• The Multi-Verse

By far the most worthy explanation capable of explaining why we are here is the idea we exist in a multi-verse of almost infinite universes. We just happen to be in the one capable of supporting life. While there are some reasons for believing in a multi-verse (the science is a little too long and complex for me to summarise here), I don’t think it fully explains away fine-tuning.

First, there’s an assumption hidden in the idea of the multi-verse that all of these universes in the multi-verse are going to be different. However that need not be the case. To maintain that these multi-verses are going to be generating universes with different sets of physical laws and forces (and different values for these forces) one needs to believe in some kind of universe generator – some kind of mechanism that generates and changes the physical laws and forces for each universe. But such a mechanism must itself be finely tuned; it merely pushes the question one step back.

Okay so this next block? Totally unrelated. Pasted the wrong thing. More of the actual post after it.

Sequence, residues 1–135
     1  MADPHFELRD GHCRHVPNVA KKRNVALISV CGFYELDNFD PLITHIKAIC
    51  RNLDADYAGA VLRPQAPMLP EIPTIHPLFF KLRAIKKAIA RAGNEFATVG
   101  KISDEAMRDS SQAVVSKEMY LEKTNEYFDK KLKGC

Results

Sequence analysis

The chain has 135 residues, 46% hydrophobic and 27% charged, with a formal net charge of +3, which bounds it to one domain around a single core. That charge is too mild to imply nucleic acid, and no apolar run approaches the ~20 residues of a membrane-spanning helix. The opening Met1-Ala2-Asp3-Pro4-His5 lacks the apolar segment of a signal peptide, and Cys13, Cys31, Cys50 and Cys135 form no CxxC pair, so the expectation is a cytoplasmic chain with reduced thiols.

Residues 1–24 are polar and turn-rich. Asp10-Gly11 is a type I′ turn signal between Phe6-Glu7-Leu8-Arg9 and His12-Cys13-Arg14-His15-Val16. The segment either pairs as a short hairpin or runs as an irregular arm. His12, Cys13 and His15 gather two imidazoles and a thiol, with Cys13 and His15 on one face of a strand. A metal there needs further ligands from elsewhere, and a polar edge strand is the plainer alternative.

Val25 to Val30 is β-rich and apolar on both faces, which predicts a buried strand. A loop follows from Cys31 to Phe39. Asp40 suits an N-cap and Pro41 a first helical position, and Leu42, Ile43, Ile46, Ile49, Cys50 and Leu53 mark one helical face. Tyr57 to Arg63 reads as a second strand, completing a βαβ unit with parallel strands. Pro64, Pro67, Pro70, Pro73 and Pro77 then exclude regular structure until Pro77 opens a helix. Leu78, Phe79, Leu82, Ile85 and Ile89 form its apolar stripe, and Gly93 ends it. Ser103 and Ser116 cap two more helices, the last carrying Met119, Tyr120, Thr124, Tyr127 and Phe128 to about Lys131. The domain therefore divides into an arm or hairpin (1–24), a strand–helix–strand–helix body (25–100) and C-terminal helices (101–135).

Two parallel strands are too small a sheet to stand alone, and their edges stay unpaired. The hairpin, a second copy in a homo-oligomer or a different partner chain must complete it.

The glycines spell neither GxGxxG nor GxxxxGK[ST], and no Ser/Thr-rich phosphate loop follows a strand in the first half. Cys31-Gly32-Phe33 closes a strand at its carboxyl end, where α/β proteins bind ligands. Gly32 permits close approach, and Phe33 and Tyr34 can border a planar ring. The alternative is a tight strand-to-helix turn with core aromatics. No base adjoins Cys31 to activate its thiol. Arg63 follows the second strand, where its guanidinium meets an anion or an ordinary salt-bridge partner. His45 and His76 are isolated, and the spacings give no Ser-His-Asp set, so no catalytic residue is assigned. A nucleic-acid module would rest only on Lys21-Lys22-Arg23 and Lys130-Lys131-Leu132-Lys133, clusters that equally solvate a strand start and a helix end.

The second issue is that the whole universe seems to be so tightly ordered. Rather, we’d expect only bits of pieces of order, rather than the entire universe being ordered. In the same way it is overwhelmingly more likely for a few letters on the scrabble-board randomly to form words than for all the letters throughout the board randomly to form words… or more simply, big flukes are much rarer than little flukes.

  • A more fundamental law

Some hold out hope for a deeper, more fundamental law that explains all of the laws above it, like a platform that grounds and explains all of the natural laws and forces that build upon it and govern this universe. The search for a theory of everything that explains the wide variety of different laws has obsessed physicists for much of the past century, however if anything we seem further away from that goal. The greatest hope of a grand unifying theory seems to be string theory. Even if this project succeeds (and the evidence certainly seems mixed on whether that will be the case), it still doesn’t explain away fine-tuning. Again, all it does is push the problem one step further back. A deeper, more fundamental law will still need an explanation of why it exists.